In studies conducted in Oromia and Afar Regions of Ethiopia, mothers were complaining payment for service, inadequate privacy and unfriendly attitude of care providers [7, 20]. Similarly, in this study the researchers found privacy and cost incurred for service to be associated with mothers' dissatisfaction. Mothers who reported privacy during physical examination were more satisfied than those who perceived absence of privacy. This reflects there is privacy breach which should be improved. The mothers' level of satisfaction was also related to the amount of money paid for service as mothers who paid less than or equal to157 ETB were more satisfied than those who paid greater than157 ETB. This might be due to the low socio economic status of the mothers or/and mothers may have paid unexpected costs such as cost for travel and charge for supplies.

Our finding showed that nearly two-thirds of all women were very likely to recommend the delivery care facility to friends and family. Though this suggests that the hospitals are providing an acceptable quality of care, there is room for substantial improvement at University of Gondar Teaching and Referral Hospital.

The findings of this study had limitations. First, data are restricted to delivery experience to referral hospital thereby limiting generalization to the overall health facility experience of childbirth by women. Second, potential response biases often present in patient satisfaction studies related to social desirability. We tried to minimize this bias by interviewing mothers in a separate room by trained nurses who are not affiliated with the facilities studied.

Conclusions

The overall satisfaction of hospital delivery services in this study is found to be suboptimal. The study strongly suggests that more could be done to assure that services provided are more patient centered.

This study also revealed several constraints in the provision of delivery care services which can be implied as areas of possible improvement, including poor maintenance of clients' privacy, longer waiting time, and unavailability of waiting areas.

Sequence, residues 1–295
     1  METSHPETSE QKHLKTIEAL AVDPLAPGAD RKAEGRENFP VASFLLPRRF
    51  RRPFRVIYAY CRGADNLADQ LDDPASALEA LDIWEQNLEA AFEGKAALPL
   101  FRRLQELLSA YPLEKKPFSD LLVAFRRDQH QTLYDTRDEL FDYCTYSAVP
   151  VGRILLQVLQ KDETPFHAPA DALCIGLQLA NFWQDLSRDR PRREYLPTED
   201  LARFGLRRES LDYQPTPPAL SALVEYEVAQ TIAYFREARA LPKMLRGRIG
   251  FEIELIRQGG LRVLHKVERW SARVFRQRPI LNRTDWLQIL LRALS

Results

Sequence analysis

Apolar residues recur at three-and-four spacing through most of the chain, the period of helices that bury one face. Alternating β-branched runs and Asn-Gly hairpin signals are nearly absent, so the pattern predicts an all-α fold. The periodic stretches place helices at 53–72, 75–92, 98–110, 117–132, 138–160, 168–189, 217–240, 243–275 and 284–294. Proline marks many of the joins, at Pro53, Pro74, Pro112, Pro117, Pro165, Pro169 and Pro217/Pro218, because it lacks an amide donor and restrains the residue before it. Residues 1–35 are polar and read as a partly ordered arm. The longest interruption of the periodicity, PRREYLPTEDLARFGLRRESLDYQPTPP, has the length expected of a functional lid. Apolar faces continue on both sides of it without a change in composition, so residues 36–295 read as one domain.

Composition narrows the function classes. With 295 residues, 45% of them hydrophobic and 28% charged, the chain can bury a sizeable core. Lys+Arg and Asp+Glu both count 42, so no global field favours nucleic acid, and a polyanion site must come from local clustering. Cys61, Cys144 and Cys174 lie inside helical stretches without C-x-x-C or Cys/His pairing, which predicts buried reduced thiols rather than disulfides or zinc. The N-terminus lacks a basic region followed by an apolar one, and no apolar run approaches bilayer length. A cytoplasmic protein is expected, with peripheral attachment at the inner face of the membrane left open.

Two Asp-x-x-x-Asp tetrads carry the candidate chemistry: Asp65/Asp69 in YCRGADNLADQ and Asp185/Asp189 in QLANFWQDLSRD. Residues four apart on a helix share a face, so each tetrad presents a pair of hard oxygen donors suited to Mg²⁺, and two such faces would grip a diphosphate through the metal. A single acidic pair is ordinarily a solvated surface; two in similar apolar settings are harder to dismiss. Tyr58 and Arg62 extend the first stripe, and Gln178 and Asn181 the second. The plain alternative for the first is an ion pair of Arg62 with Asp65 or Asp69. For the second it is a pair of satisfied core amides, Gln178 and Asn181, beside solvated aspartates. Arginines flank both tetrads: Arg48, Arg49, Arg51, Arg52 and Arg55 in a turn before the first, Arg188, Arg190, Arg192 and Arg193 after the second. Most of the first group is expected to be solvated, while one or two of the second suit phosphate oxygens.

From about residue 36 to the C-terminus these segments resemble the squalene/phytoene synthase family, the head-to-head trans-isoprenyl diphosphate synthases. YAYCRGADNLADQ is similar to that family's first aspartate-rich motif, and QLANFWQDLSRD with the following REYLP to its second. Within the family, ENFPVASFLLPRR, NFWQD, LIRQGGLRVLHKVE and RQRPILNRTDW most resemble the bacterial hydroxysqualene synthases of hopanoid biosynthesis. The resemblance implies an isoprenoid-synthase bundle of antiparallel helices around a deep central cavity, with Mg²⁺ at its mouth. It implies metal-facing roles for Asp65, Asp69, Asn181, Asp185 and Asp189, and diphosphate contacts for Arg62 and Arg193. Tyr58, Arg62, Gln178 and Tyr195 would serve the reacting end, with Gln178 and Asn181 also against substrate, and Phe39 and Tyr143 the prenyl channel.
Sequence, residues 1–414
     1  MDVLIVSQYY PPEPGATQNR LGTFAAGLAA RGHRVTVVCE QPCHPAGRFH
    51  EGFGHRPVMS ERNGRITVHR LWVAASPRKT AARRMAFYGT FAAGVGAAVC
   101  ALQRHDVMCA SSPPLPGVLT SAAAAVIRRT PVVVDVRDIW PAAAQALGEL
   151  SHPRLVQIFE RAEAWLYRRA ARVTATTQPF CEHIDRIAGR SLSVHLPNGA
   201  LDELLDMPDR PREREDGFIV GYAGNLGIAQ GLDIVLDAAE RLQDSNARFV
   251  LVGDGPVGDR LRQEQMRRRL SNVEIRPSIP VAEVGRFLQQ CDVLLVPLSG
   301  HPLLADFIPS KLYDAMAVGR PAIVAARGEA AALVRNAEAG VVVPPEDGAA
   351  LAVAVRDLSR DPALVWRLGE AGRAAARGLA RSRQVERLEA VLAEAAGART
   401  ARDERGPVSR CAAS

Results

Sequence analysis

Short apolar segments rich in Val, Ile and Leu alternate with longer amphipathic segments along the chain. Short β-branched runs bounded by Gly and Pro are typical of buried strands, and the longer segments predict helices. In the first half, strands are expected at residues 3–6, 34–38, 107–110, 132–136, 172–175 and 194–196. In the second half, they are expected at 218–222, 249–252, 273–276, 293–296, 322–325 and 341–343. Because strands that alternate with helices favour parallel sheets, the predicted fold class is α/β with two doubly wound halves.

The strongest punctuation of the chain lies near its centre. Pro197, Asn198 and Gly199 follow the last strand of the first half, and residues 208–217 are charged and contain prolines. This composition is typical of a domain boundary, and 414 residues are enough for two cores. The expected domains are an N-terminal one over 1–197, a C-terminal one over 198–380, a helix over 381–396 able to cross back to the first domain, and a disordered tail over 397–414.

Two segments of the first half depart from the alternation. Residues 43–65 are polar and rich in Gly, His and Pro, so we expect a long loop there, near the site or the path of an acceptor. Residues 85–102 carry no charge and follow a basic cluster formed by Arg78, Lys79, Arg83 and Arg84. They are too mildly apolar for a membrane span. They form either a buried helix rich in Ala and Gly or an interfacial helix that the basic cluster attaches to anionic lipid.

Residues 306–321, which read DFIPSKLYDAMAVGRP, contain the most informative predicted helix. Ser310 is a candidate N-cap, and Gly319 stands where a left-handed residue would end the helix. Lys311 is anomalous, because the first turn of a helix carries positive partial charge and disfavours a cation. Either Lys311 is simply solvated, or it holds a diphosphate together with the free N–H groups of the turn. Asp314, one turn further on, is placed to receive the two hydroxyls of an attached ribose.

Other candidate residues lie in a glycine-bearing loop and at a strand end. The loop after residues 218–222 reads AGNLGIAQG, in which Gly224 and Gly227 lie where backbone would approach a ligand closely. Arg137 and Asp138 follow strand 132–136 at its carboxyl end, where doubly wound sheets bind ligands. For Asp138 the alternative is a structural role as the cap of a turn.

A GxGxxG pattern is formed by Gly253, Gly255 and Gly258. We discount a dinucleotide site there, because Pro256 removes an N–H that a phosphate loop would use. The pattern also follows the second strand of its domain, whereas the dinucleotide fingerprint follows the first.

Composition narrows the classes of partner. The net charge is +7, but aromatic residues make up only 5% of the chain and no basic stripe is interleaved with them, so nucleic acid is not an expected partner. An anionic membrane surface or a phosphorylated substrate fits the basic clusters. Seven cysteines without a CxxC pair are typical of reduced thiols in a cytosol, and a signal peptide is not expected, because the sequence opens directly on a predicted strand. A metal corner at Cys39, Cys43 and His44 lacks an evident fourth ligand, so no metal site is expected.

Declarations

Acknowledgements

We would like to extend our deepest gratitude to the University of Gondar for financing this research.

Our appreciation goes to the data collectors and supervisors who helped us in monitoring and supervising the data collection process. Our special thanks also go to heads of the maternity wards at University of Gondar Teaching and Referral Hospital, Felege Hiwot Referral Hospital and Dessie Referral Hospital, and delivering mothers who participated in the study.

Authors’ Affiliations

(1)
Department of Public Health, Bahir Dar University
(2)
Department of Epidemiology and Biostatistics, University of Gondar

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  21. Pre-publication history

    1. The pre-publication history for this paper can be accessed here:http://www.biomedcentral.com/1471-2393/11/78/prepub

Copyright

© Tayelgn et al; licensee BioMed Central Ltd. 2011

This article is published under license to BioMed Central Ltd. This is an Open Access article distributed under the terms of the Creative Commons Attribution License (http://creativecommons.org/licenses/by/2.0), which permits unrestricted use, distribution, and reproduction in any medium, provided the original work is properly cited.